Before they’d even stopped, a number of the men from Gaine’s posse came to assist her, greeting her profusely. They helped with the horses and others helped Kate and the youngsters from the wagon. These were the men whose lives had been in Gaine’s hands. They all had come home safely because of her skill after they ran up against the desperate outlaws that had terrorized their area.

Kate had the children leave their hats in the wagon bed and quickly licked her hand to tidy up each child’s tresses while still holding baby Deena. Willy held both Bongo’s hand and little Sarah’s. Bongo held her doll in her other hand. She’d refused to leave it at home.

“These can’t be those scrawny orphans from the Rocking Star Ranch!” Bernard exclaimed, looking at the baby and little Sarah. That was the ranch the outlaws had hit, killing the tiny girls' parents and their three-year-old brother. “I thought they’d be on cemetery hill by now for sure. Why those two little babies were half dead when they brought ‘em into town! Now they’re healthy as little ponies!”

“Yep,” Gaine replied, “Kate done saved their lifes.” She lifted Sarah into her arms.

“She sure did!” the man replied. “I seen 'em when they first got here. Honey, look at these two. You’d never know they were the same children.” Kate smiled while Bernard’s wife also took that opportunity to look over Deena and Sarah. The sheep rancher and his wife rarely got into town and hadn’t heard how well the little ones were doing.

Slowly Gaine and Kate made their way from one posse member’s family to another, shaking hands with each person. “Ya’all ramembers Nell’s childerns,” Gaine would say, “They’s a livin’ ta the ranch,” and everyone would greet the children politely. Willy was not used to being treated with any respect and reminded her siblings in side whispers to be very polite. They stayed huddled together as much as possible.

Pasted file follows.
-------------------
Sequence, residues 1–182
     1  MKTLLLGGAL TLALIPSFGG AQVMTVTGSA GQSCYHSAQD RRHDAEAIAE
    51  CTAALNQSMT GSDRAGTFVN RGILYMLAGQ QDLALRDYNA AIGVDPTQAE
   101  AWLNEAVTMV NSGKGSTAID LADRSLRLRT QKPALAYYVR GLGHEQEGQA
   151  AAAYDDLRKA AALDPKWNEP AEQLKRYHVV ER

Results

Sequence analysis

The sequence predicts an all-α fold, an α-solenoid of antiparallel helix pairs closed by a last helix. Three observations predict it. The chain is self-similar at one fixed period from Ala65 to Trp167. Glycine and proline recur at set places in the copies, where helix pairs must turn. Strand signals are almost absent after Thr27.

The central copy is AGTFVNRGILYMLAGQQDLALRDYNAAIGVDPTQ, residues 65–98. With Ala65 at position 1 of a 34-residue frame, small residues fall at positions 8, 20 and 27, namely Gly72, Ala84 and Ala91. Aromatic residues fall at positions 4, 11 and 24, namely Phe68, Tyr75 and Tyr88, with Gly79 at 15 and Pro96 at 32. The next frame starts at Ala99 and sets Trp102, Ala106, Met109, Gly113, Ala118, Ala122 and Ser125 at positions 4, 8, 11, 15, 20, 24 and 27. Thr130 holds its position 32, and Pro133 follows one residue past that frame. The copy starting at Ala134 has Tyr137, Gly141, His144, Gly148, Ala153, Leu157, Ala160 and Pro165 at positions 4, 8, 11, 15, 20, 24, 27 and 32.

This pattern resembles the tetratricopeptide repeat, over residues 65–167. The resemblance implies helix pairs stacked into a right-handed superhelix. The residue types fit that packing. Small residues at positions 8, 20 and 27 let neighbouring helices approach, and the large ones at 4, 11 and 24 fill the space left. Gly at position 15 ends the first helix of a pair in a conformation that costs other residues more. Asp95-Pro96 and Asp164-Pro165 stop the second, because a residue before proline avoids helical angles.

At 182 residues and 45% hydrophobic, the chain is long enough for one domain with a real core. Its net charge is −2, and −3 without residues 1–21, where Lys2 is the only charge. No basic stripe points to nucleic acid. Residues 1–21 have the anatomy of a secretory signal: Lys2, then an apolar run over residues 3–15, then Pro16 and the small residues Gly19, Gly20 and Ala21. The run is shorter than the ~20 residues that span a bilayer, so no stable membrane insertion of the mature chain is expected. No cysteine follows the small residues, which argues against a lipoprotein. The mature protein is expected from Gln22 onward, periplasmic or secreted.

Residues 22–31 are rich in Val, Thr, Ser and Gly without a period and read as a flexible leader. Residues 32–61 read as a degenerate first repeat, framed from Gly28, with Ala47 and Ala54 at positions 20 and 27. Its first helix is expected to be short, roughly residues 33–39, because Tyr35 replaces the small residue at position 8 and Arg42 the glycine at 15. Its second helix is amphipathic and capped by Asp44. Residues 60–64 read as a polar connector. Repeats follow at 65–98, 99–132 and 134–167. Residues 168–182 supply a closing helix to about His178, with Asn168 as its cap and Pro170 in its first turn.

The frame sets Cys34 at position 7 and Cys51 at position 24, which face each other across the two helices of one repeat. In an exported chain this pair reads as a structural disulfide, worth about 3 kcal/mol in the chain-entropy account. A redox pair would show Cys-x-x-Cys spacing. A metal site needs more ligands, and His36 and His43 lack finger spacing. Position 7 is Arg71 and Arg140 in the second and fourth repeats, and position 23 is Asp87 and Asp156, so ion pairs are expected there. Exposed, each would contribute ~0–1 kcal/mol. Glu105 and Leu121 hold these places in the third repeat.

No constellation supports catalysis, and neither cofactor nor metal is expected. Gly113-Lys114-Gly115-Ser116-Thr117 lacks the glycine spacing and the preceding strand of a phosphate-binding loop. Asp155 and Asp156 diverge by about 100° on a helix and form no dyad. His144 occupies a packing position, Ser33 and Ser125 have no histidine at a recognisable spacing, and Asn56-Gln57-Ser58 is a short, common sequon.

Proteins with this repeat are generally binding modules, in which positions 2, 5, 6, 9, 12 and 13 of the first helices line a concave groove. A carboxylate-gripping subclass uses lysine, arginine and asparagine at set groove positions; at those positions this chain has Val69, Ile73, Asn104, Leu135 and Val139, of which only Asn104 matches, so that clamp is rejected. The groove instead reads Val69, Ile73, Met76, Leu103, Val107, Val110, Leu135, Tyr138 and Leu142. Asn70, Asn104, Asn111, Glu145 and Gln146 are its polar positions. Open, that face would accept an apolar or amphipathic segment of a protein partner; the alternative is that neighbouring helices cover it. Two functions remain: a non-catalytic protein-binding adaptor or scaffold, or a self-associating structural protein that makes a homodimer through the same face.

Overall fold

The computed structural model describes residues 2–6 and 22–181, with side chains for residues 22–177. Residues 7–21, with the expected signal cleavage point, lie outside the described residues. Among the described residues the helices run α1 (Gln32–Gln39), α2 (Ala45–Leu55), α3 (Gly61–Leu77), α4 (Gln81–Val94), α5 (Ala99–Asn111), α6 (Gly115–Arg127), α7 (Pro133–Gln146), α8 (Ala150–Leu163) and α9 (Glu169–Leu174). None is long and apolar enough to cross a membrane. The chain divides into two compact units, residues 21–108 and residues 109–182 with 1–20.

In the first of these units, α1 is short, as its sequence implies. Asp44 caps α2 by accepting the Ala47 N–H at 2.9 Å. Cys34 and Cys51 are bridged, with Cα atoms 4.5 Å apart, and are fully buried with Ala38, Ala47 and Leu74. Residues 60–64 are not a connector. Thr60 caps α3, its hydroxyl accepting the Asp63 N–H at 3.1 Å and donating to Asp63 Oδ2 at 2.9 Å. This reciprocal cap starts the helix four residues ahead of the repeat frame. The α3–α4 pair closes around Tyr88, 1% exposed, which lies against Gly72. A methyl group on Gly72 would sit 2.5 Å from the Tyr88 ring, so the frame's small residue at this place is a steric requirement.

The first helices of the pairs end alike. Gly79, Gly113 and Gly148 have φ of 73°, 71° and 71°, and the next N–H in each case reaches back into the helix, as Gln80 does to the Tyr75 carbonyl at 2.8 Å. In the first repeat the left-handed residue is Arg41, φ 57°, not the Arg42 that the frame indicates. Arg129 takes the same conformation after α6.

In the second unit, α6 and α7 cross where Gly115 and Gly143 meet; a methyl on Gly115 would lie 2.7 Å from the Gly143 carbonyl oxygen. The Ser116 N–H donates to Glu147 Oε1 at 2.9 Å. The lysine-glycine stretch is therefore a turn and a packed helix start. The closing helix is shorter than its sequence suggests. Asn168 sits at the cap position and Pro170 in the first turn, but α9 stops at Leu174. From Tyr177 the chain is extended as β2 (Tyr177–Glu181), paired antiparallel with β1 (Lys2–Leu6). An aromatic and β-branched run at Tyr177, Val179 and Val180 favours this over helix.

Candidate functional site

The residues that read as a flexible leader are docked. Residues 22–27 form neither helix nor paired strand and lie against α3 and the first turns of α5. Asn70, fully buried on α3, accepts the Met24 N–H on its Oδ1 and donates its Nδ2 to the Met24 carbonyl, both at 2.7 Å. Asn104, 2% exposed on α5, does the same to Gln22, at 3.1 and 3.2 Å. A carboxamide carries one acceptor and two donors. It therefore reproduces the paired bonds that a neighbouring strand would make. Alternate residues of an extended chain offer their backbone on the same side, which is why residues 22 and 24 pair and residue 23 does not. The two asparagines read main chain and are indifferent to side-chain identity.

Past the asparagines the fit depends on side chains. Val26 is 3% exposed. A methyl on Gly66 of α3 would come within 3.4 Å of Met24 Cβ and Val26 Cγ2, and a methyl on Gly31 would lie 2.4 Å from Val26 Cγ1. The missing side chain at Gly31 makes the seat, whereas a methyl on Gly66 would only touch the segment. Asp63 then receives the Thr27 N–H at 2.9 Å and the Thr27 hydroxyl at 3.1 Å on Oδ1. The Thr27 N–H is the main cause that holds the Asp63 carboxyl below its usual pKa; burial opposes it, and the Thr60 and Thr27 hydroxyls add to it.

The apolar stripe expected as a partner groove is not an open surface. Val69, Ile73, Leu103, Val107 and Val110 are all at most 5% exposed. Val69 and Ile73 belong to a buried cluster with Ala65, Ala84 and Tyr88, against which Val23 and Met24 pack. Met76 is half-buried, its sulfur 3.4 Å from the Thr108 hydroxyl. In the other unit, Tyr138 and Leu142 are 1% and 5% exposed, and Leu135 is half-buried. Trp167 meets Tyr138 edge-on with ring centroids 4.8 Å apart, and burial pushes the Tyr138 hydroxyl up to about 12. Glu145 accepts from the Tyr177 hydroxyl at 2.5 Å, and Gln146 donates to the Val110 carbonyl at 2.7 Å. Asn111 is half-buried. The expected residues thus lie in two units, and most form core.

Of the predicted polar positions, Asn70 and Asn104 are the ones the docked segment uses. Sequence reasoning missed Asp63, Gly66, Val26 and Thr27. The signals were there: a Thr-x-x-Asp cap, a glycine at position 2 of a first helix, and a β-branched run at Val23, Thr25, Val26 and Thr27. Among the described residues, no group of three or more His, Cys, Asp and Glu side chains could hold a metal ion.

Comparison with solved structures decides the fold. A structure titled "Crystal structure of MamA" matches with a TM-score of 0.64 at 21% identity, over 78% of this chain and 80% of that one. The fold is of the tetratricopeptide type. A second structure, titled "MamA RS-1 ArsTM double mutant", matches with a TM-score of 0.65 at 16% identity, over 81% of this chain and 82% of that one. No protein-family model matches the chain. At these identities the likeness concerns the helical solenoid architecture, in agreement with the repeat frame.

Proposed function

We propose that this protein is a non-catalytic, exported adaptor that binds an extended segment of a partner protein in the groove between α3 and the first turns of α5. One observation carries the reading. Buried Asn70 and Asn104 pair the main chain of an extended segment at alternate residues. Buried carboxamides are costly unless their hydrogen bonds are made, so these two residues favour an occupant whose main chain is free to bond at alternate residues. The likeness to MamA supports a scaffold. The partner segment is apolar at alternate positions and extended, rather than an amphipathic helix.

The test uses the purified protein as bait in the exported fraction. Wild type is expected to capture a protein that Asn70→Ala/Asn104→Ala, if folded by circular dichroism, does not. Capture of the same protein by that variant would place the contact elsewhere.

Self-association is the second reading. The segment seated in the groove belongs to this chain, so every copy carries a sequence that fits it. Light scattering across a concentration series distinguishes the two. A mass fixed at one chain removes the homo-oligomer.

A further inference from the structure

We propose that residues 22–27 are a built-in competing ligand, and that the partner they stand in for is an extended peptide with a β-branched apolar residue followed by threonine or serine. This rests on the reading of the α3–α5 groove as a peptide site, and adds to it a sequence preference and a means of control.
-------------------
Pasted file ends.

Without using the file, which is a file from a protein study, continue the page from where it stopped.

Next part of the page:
“Gaine, Kate!” Etta called. She and her husband, Wilbur, walked over to greet them. Etta was a large, bosomy, middle-aged woman with a no-nonsense bonnet framing a placid expression. Wilbur's long hair, peppered liberally with grey, flowed beneath his wide-brimmed hat. The furrows in his deep-lined face hid none of the kindness displayed there. “Did you have a good Christmas?” Etta asked the children as they stood waiting for the Sheriff who was still talking with one of her men. The children all nodded.

“So far,” Kate replied nervously, seeing some town members whispering to each other as they stood to the side. They seemed almost annoyed that Gaine and Kate should be getting so welcome a reception.”

Etta chuckled. “I understand. Listen, sit with us inside, all right?”

Kate exhaled in relief. “Thanks, Etta. We’d love to.” Etta and her husband ran the cafe. But Etta also held a Town Council position soley procured for her by Gaine. The town would not have had a woman in such a position at all had Gaine not "insisted". The Mayor claimed the Sheriff had "blackmailed" them, which always brought a grin to Gaine's face. It was an anomoly, but their town was finding a woman like Etta could be very good at organizing town finances, which they sorely needed done.

“You’re amongst friends,” Etta smiled and looked around. “Mostly,” she leaned to Kate in confidence, “That small group behind you can always find something to complain about, even on Christmas. Just ignore them.”

“Uh huh,” Kate replied. “Where’s your boys?” Etta and Wilbur had three teenage boys left at home from the large family they'd raised.

Etta smiled. “They’re over talking to the Nelsons. They say they’re friends with the brothers, but it’s really the girls they're fancying.” She raised her brows and rolled her eyes and Kate laughed in reply.

Gaine walked over with Sarah in her arms. She glanced back at her posse members. “Theys good folks n’ this here town, Etta,” she said. Even if'n many be sheep herders, Gaine thought to herself. Cattle ranchers and sheep herders often clashed. Sheep tended to strip the range land leaving it unuseable for longer periods of time and too often the herders wanted to fence areas off. And more and more sheep herders seemed to be coming into the area every year. But so far they all got along with Gaine, so no range wars were imminent.